Effect of liposomal MgT and taurine on nitrosative stress-- Group 2 also showed a significantly high level of iNOS activity and nitrotyrosine levels compared to those of the normal group. Both treatment groups showed significantly lower iNOS activity and nitrotyrosine levels compared to those of Group 2, and there was no difference for both parameters between the normal group and the two treatment groups (Table 2).

Effect of liposomal MgT and taurine on lenticular calpain activity and protein level

The calpain activity in all galactose-treated groups was significantly higher than that of the normal group; however, the MgT–treated group showed significantly lower calpain activity compared to that of the vehicle-treated group (Group 2). In accordance with the increased calpain activity, Group 2 also showed a significant decrease in the soluble protein contents of lens compared to that of the normal group. Treatment with either MgT or taurine improved the soluble protein level, but only Group 3 showed significantly higher values compared to those of Group 2. Both treatment groups showed no significant differences compared to the normal group. The insoluble protein fraction was highest in Group 2 compared to all other groups. In the MgT–treated group, the ratio of soluble to insoluble proteins was comparable to that of the normal group (Table 3).


An adequate characterization of liposome preparations and formulations is necessary, to ensure that liposomes encompass the required and expected properties for their specific application [5,6,18]. In the present study, the mean particle size for liposomal formulation was 116.3 nm and 115.2 nm for the MgT and taurine liposomes, respectively. The zeta potential was +2.64 mV and +2.60 mV for the MgT and taurine liposomes, respectively, which resulted in a favorable binding effect of the positively charged liposomes to the corneal surface [18-20]. Schaeffer and Krohn [21] have shown that positively charged liposomes increase corneal drug delivery fourfold. Additionally, liposomes ranging in size from 100 to 400 nm have been shown to provide greater drug delivery compared to smaller or larger liposomes [22].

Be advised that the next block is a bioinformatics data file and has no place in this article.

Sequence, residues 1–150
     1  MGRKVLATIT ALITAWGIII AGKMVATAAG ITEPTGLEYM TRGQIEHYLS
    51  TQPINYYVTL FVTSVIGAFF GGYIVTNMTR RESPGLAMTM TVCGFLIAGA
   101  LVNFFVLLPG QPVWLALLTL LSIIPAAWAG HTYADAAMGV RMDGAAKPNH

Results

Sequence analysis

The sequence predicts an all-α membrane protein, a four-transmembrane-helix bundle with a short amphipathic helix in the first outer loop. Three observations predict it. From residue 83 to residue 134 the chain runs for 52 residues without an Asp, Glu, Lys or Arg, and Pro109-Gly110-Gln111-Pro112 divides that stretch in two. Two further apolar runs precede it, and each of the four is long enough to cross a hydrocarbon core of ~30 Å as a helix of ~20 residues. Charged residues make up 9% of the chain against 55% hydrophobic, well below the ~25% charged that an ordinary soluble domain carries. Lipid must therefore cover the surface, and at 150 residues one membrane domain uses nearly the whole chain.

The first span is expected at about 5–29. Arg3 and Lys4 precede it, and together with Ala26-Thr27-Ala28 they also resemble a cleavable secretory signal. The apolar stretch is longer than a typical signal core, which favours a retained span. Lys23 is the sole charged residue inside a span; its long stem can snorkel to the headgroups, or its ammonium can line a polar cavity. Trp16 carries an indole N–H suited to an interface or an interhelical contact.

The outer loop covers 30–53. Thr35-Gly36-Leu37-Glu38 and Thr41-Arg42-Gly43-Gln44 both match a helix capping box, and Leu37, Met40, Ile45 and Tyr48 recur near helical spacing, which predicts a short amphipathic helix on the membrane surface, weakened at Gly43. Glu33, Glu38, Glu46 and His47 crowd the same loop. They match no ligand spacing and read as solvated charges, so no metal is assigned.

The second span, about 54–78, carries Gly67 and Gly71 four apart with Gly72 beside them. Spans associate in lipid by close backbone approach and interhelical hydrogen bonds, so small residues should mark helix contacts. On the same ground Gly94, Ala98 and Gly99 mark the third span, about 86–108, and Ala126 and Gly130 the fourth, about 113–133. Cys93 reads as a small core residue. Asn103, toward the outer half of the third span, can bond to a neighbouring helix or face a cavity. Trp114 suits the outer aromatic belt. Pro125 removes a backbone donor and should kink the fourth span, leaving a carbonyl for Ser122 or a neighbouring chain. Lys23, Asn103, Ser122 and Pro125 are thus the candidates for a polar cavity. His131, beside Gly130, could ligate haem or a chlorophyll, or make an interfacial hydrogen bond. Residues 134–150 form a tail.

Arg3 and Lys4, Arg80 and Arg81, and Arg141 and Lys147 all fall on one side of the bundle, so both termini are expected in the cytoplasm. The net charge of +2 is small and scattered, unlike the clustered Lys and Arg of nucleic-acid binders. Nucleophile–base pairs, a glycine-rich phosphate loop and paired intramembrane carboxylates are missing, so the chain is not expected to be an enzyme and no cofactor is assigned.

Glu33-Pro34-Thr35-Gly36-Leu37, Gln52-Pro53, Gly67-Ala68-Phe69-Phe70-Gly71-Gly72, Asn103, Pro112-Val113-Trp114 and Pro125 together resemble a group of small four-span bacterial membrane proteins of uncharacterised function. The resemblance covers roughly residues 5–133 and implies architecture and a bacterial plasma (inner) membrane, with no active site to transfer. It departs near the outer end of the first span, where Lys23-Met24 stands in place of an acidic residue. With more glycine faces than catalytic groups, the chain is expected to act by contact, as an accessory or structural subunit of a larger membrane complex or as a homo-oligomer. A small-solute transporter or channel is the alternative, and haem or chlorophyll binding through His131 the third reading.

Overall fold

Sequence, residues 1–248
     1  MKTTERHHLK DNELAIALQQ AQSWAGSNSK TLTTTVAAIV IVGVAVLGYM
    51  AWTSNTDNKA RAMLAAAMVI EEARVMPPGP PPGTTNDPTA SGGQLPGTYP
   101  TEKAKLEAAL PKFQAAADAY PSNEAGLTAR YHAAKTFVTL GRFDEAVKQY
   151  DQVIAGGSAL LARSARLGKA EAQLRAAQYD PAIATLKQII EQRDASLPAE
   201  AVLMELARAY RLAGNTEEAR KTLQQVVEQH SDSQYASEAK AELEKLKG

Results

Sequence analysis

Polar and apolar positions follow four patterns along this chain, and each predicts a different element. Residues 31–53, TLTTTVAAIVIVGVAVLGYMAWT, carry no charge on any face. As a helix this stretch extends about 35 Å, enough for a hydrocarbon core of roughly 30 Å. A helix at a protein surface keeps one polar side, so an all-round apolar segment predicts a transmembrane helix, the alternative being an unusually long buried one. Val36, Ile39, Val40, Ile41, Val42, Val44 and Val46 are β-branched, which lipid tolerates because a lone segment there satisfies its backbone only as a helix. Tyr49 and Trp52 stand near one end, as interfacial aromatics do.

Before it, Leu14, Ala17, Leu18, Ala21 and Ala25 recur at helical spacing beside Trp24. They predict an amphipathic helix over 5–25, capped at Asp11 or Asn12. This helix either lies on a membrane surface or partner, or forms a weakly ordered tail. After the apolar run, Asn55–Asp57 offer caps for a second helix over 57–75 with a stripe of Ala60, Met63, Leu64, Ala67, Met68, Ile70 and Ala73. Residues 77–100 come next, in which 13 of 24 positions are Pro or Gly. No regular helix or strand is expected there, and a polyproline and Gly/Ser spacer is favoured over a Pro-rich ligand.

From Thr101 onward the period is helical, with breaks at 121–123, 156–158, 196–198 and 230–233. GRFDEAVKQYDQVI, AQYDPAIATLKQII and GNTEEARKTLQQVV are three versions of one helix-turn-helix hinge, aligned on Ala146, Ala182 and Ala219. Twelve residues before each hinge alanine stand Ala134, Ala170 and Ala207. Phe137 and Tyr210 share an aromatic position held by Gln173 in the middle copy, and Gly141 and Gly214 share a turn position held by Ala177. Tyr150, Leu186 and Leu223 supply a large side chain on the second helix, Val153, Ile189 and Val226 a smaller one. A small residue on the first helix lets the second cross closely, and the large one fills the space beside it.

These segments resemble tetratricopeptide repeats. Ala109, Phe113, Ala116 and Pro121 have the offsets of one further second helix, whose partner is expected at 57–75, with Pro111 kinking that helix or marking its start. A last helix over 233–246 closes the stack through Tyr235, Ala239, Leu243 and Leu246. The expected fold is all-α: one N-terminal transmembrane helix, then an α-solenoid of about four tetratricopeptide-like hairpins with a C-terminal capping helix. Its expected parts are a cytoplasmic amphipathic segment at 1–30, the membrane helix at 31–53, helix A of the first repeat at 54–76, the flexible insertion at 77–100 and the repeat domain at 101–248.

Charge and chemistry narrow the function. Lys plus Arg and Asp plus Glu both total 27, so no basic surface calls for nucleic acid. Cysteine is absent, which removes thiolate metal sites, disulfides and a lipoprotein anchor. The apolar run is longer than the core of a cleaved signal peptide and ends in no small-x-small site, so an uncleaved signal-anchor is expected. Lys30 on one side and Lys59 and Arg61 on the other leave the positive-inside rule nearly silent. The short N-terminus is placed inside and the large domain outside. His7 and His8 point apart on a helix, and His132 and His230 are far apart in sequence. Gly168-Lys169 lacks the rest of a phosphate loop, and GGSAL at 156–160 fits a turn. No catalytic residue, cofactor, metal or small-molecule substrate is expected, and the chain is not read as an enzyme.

In the present study, we evaluated the anticataract effect of MgT in a liposomal formulation using a galactose-induced rat model. This model is not an exact representation of diabetic cataract; however, the key pathophysiological changes in the lens, such as activation of aldose reductase, polyol accumulation, and oxidative and nitrosative stress, mimic the same in diabetic cataract [23-26]. Moreover, galactose feeding results in rapid and predictable cataractous changes with lesser mortality due to less severe systemic metabolic changes.

The current study demonstrated that the delay in the progression of cataract was more pronounced in the group treated with a liposomal formulation compared to the aqueous form indicating higher ocular bioavailability of MgT in the liposomal formulation. As taurine has been shown to reduce lenticular oxidative stress and protein glycation in the presence of high glucose levels, it is important to investigate whether the addition of magnesium to taurine provides greater benefits than taurine alone. This study demonstrated that the liposomal formulation of MgT delays cataractogenesis more than taurine alone in the liposomal formulation thus supporting the role of magnesium in delaying cataractogenesis. Our findings are in accordance with previous studies that showed the role of MgT in delaying the development of cataract [1].